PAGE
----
The US Library of Congress hosted a special guest this week: Dolly Parton. The country music legend, who had started her Imagination Library two decades ago, was there to celebrate a milestone–delivery of the library’s 100 millionth book. Parton’s nonprofit program mails a free book to more than a million children — from infants to preschoolers–every month.

The initiative had started as a small, local effort to help kids in Parton’s native Sevier County, Tennessee.

“We never thought it would be this big,” she told NPR in a quiet, wood-panelled room off the library‘s Great Hall. “I just wanted to do something great for my dad and for my home county and, at the most, maybe a couple of counties over. But then it just took wings of its own, and I guess it was meant to be.”

Father inspired library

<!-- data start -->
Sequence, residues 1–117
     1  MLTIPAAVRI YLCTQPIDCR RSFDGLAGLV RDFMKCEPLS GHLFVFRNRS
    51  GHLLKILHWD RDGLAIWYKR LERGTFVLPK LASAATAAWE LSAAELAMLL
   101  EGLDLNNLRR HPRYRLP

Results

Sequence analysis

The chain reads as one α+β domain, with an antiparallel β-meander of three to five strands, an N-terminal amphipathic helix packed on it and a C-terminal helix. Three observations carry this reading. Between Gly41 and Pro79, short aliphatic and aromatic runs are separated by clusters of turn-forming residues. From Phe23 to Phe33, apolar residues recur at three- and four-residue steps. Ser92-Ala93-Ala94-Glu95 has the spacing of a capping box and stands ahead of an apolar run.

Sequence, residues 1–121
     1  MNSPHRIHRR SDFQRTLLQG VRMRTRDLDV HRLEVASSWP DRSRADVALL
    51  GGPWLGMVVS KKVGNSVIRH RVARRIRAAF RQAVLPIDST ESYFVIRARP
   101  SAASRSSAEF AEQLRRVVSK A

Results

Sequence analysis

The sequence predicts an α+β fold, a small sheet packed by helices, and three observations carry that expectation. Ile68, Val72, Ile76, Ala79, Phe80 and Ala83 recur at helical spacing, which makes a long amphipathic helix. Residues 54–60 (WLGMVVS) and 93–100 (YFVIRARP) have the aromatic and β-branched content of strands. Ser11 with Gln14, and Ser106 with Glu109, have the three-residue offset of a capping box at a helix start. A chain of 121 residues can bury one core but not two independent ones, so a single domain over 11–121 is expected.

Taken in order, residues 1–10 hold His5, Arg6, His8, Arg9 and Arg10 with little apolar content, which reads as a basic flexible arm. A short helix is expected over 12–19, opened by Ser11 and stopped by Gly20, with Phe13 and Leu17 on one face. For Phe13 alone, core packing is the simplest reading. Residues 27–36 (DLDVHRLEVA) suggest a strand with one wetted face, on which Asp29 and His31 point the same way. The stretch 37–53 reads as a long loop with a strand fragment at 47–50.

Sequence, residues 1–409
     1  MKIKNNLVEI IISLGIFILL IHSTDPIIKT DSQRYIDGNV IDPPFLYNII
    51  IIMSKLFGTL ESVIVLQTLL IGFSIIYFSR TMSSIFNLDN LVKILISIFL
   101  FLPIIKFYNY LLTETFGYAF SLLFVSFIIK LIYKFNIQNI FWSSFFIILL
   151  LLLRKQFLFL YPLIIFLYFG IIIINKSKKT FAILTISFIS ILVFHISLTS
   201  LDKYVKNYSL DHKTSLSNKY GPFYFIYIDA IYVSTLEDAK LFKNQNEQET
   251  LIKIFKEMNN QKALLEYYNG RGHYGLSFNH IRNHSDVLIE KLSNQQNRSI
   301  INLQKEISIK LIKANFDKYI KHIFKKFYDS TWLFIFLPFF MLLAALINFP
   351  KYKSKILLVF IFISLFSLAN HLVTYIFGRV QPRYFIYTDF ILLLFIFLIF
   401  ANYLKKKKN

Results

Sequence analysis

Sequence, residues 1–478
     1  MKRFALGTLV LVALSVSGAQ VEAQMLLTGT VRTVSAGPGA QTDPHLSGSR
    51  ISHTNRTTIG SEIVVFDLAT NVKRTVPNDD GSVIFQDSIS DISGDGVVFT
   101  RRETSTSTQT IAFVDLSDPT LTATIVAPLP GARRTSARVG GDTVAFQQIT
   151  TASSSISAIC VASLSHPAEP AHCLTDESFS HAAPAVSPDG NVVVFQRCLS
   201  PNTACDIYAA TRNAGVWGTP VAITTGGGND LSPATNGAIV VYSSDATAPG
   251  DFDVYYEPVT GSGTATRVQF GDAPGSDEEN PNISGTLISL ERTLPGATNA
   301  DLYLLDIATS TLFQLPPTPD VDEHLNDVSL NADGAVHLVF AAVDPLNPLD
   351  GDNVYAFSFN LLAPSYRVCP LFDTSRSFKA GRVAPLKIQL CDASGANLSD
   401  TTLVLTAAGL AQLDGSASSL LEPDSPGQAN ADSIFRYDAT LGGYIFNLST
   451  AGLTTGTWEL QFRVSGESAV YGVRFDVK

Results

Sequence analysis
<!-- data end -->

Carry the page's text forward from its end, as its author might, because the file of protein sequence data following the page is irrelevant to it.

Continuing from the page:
Robert Lee Parton, Parton’s father is the inspiration behind the Imagination Library. Like many people of his generation, he began working at a young age to help support his family.

“My dad didn’t get the chance to go to school. And Daddy couldn’t read and write, and that was kind of crippling to him,” Parton said. “He was such a smart man, though. He just had such good common sense. They call it horse sense in the country.”

“But Daddy thought it was just something he couldn’t learn after he was grown, so he never tried to learn to read and write. And that was just kind of embarrassing to him,” she continued. “But I didn’t want Daddy to feel embarrassed.”

Parton wanted to give Sevier County kids something her father did not have: early access to books. She started the Imagination Library in 1995. Her father was able to see the program take off before he died in 2000.

“He got to hear the kids call me ‘The Book Lady.’ He got a big kick out of that,” she said. “But he took great pride and felt like he’d helped do something special.”

Picture Credit: Independent.co.uk

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